FEW hopes to empower queer writers at book fair

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The Forum for Women’s Empowerment (FEW) believes that LGBTQ characters and themes are often underrepresented in mainstream publishing and wants to give queer writers the opportunity to showcase their published work and help those who struggle to publish their manuscripts.

JOHANNESBURG – “Queer book fairs allow queer authors to find the stories that speak to them. They build community as we come together safely in a shared love of reading and help provide support in queer literature” , said FEW Programs Coordinator Jade Madingwane.

The Forum for Women’s Empowerment (FEW) will host its Queer Book Fair on May 14 at Constitution Hill.

FEW is a black lesbian feminist organization that engages in advocacy, education and action to ensure that black lesbians enjoy freedom, well-being, dignity and holistic bodily autonomy in all aspects of their lives.

The organization believes that LGBTQ characters and themes are often underrepresented in mainstream publishing and wants to give queer writers the opportunity to showcase their published work and help those who struggle to get their manuscripts published.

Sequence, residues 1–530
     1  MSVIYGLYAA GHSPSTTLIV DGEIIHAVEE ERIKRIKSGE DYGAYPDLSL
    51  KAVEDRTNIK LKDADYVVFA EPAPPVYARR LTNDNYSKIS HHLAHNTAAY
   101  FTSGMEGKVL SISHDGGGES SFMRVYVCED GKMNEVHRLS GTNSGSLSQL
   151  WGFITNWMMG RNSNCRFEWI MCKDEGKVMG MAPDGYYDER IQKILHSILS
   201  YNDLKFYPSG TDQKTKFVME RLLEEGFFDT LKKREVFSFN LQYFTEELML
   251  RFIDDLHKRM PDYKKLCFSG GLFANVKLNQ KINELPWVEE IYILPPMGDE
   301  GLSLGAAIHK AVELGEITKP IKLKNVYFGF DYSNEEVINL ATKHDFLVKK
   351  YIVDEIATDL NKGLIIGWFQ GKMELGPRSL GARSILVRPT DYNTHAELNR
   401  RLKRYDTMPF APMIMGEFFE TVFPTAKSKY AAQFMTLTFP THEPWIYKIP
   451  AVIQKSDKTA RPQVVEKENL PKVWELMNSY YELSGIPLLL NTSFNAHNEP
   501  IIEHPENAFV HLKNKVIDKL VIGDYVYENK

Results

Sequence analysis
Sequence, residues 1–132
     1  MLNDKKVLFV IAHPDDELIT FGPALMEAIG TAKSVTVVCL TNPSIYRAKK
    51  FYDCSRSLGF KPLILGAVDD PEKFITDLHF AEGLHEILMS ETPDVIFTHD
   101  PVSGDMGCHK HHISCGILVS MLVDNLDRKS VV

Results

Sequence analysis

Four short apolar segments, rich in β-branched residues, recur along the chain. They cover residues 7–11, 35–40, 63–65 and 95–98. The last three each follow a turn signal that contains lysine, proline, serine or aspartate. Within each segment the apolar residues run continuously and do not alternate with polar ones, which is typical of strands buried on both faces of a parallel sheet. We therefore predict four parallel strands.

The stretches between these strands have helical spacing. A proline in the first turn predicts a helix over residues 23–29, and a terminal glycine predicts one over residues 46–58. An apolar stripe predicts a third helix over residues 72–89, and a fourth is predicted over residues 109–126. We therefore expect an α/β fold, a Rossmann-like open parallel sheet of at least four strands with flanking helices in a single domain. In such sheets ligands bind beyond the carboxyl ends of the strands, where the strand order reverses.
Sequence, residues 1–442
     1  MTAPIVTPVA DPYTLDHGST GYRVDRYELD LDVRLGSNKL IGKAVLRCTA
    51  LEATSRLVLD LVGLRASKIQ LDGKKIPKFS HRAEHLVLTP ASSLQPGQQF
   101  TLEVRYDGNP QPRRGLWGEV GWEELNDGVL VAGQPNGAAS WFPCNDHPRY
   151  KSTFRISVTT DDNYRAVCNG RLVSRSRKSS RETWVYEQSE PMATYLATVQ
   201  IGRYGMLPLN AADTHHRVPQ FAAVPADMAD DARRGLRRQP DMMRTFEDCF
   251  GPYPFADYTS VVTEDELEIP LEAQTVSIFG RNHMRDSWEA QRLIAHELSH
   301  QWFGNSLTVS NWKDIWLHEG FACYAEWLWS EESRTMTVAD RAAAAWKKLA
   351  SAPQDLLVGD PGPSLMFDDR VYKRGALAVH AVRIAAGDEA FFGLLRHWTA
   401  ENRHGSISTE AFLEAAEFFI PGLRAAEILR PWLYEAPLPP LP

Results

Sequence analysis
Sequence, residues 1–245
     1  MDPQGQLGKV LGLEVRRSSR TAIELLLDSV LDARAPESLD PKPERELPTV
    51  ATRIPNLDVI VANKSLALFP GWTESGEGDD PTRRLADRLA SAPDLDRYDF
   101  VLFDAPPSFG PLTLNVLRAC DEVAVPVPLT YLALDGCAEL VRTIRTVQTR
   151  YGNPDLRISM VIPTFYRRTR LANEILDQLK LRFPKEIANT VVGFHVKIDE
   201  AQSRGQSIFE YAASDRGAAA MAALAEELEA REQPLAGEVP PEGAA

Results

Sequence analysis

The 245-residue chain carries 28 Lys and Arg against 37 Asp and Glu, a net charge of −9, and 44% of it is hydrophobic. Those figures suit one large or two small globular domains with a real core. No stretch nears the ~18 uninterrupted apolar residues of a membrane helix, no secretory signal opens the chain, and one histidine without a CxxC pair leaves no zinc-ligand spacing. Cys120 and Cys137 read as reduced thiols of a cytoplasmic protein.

“We organized the same activity in 2018. We believe that queer literature is essential because representation is important. In mainstream literature, we only see gendered literature that does not talk about queer lives or literature” , Madingwane said.

READ: Award-winning Maneo Mohale explains why queer poetry is the new black

According to Hachette Book Group, LGBTQ characters and themes are often underrepresented in mainstream publishing due to censorship and arguments that LGBTQ content is “niche”, and therefore not commercially viable.

The group argues that books about LGBTQ characters and history can have a profound effect on readers, and LGBTQ visibility in the media has a valuable place in the world of representation. Not only can these stories educate and inform readers who do not identify as part of the LGBTQ community, but they can also describe a path in life that LGBTQ readers might not have thought possible.

“We want to have a conversation and readings of books or manuscripts. The reason behind that is to have more queer literature among queer people,” Madingwane said.

Throughout history, literature on LGBTQ themes has encountered challenges and objections and in some countries queer people are still persecuted and even killed for being part of the LGBTQ community.

Queer representation has come a long way since the days when the only queer representation allowed in literature had to be negative.

“We are also looking for editors to answer questions from queer authors, but also recommendations that editors or publishers can give to these queer authors,” Madingwane said of their hopes and plans for the upcoming Book Fair. queer.

FEW said it plans to hold roundtables with published authors, as well as book circles.

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